Interestingly, however, we would expect this geologic column to be consistent throughout the world if it were the result from a single worldwide flood. In other words, no layers would be missing, but they are, which can be explained by continental uplift and erosion (which, per flood hypothesis, would have had to have occurred within the last 10,000 years, and would use uniformitarian erosion and deposition dating techniques — while ignoring radiomatric dating that states otherwise). There is also the problem of not having a complete mixture of fossil types in all layers (especially the precambrian), which would be the case for a single catastrophic flood. Instead, fossils appear to have been deposited regularly and consistently at very different time periods, layering them according to which plants and animals were alive at any one particular time period. The consistency of this predictable (and observed) layering implies time not flood. Additionally, the sediments are datable by many different techniques, none of which indicate that ALL sedimentary layers are less than 10,000 years old, which would have to be the case according to the telling of the flood story, if I read you correctly.

    “If the Bible makes the claim that living things reproduce after their kind, then this is a testable claim. A prediction of this claim is that you can’t breed different kinds of animals, but similar animals ought to produce offspring. Scientific study confirms that cats (lions and tigers) and dogs (wolves and domestic dogs) can interbreed with one another, but that you can’t breed a cat-type animal with a dog-type animal.”

    There’s no real prediction that can be made from this, except that you will observe, in the present, species reproducing themselves. But that’s a no-brainer. The existence of hybrids poses a problem for such strict delineations between ‘kinds.’ If kinds are so special to God, why are there transitional forms (mules, for instance — which is not to argue that mules represent an evolutionary transitional form, as this would be a misrepresentation of the mechanical methods (genetic mutation) of evolutionary change). By your idea, we would have to assume that a marsupial dog is the same ‘kind’ as a placental dog: because they ‘look that same.’ They are not that closely related, genetically. All marsupials (living in Australia) evolved from a common marsupial ancestor which became trapped on the Australian continent when it broke away from Pangea some 160 million or so years ago, and are only distantly related to placentals. Additionally, reproducing after ones ‘kind’ would seem to rule out things like mutation. Yet, mutations occur, and they produce things which are not like their ‘kind.’

    “If the Bible makes the claim that everything in the universe is winding down and growing old, then this is a testable claim. Scientific study confirms that the 2nd Law of Thermodynamics applies everywhere it is tested–the universe is going from low entropy to high entropy over time.”

    I don’t know where you got the claim that the Bible says everything is winding down, but let’s consider the case as though it does say this. It is not true on a local scale, even if it is true universally. The Earth, for instance, is an open system which receives energy from the sun, and therefore can decrease rather than increase its entropy. This allows things like life to emerge and evolution to continue for billions of years. As long as the sun shines, or the earth spews heat out of volcanic vents, there is the possibility of greater arrangements of matter rather than fewer. Energy is defined as the capacity to do work. Infuse the earth with energy (which is the case) and anything that requires work in order to come about is a real possibility which must be considered.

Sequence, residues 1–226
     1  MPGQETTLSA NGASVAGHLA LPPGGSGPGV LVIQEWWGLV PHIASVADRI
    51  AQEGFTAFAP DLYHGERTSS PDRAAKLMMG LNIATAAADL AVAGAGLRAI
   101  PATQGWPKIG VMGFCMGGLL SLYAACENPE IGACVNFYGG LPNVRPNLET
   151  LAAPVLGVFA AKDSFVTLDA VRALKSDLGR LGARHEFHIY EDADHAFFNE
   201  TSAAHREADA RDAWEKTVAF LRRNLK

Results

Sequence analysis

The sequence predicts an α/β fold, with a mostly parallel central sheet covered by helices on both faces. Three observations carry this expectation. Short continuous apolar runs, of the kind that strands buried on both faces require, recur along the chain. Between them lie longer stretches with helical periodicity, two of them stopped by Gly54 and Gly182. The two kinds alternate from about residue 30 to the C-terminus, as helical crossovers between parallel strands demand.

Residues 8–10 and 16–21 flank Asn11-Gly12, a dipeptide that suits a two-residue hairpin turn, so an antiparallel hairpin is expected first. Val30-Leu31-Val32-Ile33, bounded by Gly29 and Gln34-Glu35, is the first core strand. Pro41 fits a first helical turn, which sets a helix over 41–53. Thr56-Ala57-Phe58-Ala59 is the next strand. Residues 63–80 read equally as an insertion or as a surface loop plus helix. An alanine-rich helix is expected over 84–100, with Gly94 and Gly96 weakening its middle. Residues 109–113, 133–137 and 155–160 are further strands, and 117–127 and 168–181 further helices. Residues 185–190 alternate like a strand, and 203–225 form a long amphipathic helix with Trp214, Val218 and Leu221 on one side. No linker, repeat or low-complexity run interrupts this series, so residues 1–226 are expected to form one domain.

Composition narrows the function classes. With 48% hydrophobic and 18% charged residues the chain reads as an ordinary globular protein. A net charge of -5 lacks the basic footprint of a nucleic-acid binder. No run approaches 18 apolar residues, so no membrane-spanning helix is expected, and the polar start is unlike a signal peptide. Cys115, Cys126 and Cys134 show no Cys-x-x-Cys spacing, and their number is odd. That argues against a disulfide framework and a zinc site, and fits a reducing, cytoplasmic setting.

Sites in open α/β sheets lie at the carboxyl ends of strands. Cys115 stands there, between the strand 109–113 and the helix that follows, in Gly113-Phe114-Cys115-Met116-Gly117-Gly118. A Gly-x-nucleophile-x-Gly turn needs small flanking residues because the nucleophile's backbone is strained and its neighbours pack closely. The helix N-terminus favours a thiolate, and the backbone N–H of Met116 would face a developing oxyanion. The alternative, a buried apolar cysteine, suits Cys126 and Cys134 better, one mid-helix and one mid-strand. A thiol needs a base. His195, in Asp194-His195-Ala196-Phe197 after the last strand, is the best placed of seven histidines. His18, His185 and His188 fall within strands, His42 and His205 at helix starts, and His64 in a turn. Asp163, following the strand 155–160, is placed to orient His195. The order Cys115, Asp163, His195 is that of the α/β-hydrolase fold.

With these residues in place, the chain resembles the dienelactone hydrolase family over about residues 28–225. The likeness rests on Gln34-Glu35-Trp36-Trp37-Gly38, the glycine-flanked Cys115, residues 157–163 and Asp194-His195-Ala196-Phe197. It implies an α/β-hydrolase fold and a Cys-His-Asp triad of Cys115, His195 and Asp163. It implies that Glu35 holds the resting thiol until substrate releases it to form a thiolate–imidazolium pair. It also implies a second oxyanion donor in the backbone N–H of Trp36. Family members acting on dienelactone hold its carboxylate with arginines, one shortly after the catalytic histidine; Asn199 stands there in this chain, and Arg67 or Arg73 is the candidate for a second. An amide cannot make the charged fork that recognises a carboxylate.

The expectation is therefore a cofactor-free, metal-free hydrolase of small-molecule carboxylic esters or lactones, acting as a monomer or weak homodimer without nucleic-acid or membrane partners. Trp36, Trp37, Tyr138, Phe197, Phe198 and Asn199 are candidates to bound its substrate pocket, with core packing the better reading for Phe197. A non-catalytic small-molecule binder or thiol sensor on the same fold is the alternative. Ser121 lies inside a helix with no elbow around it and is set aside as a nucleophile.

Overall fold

“If the Bible makes the claim that mankind radiated outward from the middle east, then this is a testable claim. Scientific study confirms that humans migrated from the middle east.”

    I do believe that the scientific evidence, so far, indicates that humans migrated out of Africa, not the Middle East, and that such a migration occurred more han once over the past couple of million years (which also disconfirms a 10,000 year old earth).

    “If the Bible makes the claim that the seasons will never pass away (incl. seedtime and harvest) until the end of the world, then this is testable. Scientific study has failed to demonstrate that the world is either heading for a global ice age (what you guys used to believe; silly you), or a global meltdown.”

    As for a prediction that the seasons will never pass away…this is not testable. Seasons are caused by the tilt of the earth combined with the earth’s orbital mechanics. The tilt of the earth is not constant. The earth wobbles like a spinning top. Without looking up just how long this wobble effect takes, I would still venture to say that it is predictable that seasons will not always be like we experience them today. They could very well pass away when the earth’s tilt reaches zero in its continuing wobble (it’s around 24 degrees at present). There is no known mechanism to stop it from doing this. It is expected.

    “If the Bible makes the claim that everything was originally created perfect, then that is a testable claim. A prediction from this claim is that seemingly parasitic organisms ought to have free-living varieties/be able to live independently of their host/or at some point in the past, have been free-living, until they lost a particular function, whereafter they needed a host to survive. Scientific study confirms that parasitic organisms and bacteria can live freely and moreover, often provide a useful function for the host organism, such as metabolism in the intestines.”

    Your claim that everything was once ‘perfect’ requires that you define what you mean by ‘perfect’. In the absence of such a definition with respect to life, your claim is meaningless.